The Weather Station


From the end of the affair to the end of the world, The Weather Station's fifth album is rich and full, finds Zara Hedderman

Lounging in leafy surrounds, nature’s hues resembling velvety Renaissance landscapes, Tamara Lindeman is camouflaged all but for her mirrored suit on the cover of The Weather Station’s fifth LP. Even before we press play on Ignorance, Lindeman’s ensemble is a declaration that she is, quite literally, in reflection. Having immersed herself in the calamities of the climate crisis, the Toronto-born songwriter uses that as an anchoring theme for ten pensively and poetically painted narratives. Here, no stone is left unturned in Lindeman’s deft ruminations on her relationship with the wider world and her place within it.

Opening with ‘Robber’, the record’s most intricately layered and intriguing arrangement, Lindeman expresses fatigue with capitalist-induced corruption. On our first taste of the sumptuous expansion of The Weather Station’s sound – now featuring two drummers, brass, strings, and synths – the sonic ambition on display is immediately arresting. Crawling like a cloud swollen with rain, the arrangement bears the weightiness of an imminent storm that will culminate in a thundering crash of cymbals. Its propulsive beat provides a steady base for the sinisterly intoned textures; sweeping strings and a slinky sax part reminiscent of Bowie’s Blackstar (an influence which remains intact on ‘Atlantic’). The song is a hallmark of the maturation in The Weather Station’s previously more folk-leaning compositions.

Musically, the tone and tempo seamlessly shifts across the tracklist. A cluster of 1970s California-tinged pop sensibilities casts a gloriously sunny disposition across ‘Tried To Tell You’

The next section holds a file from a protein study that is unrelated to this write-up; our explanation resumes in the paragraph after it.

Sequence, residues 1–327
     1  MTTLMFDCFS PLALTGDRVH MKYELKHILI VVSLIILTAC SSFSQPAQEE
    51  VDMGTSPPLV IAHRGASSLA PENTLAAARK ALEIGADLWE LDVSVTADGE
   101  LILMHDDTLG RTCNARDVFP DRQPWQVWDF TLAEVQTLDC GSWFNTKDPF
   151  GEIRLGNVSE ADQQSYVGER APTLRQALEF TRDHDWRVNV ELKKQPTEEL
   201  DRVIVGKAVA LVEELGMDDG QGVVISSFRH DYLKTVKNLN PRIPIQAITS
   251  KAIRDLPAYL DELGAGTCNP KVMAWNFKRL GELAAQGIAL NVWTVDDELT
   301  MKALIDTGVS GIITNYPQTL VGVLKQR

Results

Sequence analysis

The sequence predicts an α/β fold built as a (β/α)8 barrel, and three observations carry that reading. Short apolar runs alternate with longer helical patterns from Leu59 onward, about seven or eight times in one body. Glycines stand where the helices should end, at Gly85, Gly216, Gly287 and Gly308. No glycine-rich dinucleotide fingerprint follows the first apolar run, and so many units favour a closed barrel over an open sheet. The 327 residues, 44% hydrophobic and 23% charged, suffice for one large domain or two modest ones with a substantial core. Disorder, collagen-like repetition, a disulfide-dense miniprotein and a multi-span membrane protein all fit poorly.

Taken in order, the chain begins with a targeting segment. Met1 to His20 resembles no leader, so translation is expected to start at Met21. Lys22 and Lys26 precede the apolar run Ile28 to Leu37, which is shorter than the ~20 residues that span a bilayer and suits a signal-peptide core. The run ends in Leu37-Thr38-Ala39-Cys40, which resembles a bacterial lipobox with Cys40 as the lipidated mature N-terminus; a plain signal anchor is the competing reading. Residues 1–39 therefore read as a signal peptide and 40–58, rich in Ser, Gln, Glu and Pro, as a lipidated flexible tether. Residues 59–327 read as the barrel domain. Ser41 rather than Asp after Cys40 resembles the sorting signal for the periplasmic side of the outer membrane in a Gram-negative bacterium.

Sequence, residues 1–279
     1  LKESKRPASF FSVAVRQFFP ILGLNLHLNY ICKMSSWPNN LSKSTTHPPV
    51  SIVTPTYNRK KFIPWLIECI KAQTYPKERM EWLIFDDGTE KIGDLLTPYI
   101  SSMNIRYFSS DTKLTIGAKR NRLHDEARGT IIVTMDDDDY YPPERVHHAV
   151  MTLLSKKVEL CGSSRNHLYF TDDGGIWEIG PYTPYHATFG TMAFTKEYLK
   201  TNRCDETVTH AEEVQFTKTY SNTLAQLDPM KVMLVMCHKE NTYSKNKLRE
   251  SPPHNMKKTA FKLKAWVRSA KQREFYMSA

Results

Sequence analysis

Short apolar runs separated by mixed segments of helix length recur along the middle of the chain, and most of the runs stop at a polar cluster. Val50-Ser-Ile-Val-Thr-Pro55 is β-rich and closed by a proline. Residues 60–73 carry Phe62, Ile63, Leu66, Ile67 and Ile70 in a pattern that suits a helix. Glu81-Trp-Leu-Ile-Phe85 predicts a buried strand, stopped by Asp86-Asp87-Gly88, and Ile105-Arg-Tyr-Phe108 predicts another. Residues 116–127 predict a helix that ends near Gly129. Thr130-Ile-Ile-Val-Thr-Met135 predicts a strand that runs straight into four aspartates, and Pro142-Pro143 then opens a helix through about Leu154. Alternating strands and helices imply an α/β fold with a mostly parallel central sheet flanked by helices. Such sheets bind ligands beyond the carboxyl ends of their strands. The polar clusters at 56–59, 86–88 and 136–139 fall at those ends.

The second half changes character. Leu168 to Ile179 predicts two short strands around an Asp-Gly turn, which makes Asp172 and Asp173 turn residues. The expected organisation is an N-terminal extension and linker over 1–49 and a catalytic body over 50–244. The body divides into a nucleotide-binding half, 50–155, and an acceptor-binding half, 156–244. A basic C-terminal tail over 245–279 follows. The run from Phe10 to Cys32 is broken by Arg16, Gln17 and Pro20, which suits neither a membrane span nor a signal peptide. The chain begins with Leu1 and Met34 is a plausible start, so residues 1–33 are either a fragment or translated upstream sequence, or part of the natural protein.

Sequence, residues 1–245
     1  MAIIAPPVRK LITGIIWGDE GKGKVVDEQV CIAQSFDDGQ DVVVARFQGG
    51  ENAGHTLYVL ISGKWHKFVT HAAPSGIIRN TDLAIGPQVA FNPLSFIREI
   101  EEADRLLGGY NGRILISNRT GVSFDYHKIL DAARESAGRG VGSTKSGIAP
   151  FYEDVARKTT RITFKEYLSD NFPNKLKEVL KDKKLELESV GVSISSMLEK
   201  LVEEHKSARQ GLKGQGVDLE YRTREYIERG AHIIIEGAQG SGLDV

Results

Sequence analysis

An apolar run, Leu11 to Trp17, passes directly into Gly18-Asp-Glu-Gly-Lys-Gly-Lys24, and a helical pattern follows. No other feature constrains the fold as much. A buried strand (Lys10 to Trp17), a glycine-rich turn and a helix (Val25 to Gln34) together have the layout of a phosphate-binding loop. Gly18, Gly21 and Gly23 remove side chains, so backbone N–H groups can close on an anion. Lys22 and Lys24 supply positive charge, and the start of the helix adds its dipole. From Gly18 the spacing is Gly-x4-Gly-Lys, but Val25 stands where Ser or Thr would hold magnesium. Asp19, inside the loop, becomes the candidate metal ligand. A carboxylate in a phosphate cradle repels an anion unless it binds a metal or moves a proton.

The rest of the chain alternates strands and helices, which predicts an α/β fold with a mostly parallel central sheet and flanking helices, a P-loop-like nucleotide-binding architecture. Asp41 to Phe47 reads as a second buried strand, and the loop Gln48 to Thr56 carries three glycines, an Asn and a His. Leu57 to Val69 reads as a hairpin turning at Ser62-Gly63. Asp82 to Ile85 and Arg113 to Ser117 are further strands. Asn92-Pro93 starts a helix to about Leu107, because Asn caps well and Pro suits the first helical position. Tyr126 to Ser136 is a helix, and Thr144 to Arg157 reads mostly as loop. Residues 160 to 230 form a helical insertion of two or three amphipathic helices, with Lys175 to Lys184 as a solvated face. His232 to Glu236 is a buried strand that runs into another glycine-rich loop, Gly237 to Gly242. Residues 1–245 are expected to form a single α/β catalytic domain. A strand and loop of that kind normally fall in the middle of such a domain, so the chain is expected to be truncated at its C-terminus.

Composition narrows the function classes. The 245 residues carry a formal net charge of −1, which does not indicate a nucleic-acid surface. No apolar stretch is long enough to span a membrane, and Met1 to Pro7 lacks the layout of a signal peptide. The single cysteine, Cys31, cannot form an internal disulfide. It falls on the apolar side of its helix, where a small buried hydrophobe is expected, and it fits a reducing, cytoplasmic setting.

down to ‘Separated’. Heralding Fleetwood Mac’s buoyant hooks, these compositions are soaked with nostalgia brought to life via a bright smattering of piano, bumbling bass licks, and lush string parts to fill the spacious arrangements. Airy and accessible, Ignorance consistently delivers songs designed to fill a room with their communal spirit. For those coming to the group late, this serves as a wonderful entry-point as the subtle complexities present are enough to spark one’s curiosity to explore the remaining back-catalogue.

Countering the dominant carefree instrumentation, is the beautifully stark ‘Trust’. A simple stripped-back piano-led melody which sporadically resembles aspects of Aldous Harding. The most striking component to the composition – aside from lovely touches of electric organ and Lindeman’s cadence – is her explicitly raw lyricism. "Dim the lights and draw the curtains; this is the end of love," she intones somberly. "Ready all your arguments; this is the end of trust. Send out all the witnesses; let nobody watch." With no intimate details spared and the scene conscientiously set, it’s difficult to not immediately draw comparison to Leonard Cohen in how she draws the listener into her world.

Furthermore, Lindeman’s attention to detail is extraordinary. Every emblem of nature included is carefully chosen, from soaring shearwaters, crumpled petals and the "cold metallic scent of snow." Everything is given its proper title or defining feature. Such remarkable specificity enhances the listener’s experience. Moreover, it feels as though Lindeman is acknowledging and appreciating how abundant the world can be. A world where scenes of cluttered car parks and views from intimate spaces are accented with yellow signs, pink clouds, grey gas stations, and blood red sunsets. These identifiable characteristics make the stories told all the more real because we can place ourselves in them.

While there are many masterful qualities to what Tamara Lindeman has created with this record, more of the introspective numbers such as ‘Trust’ and ‘Robber’ would have made for a more sonically rewarding body of work. Otherwise, this is a vivid and vibrant return.

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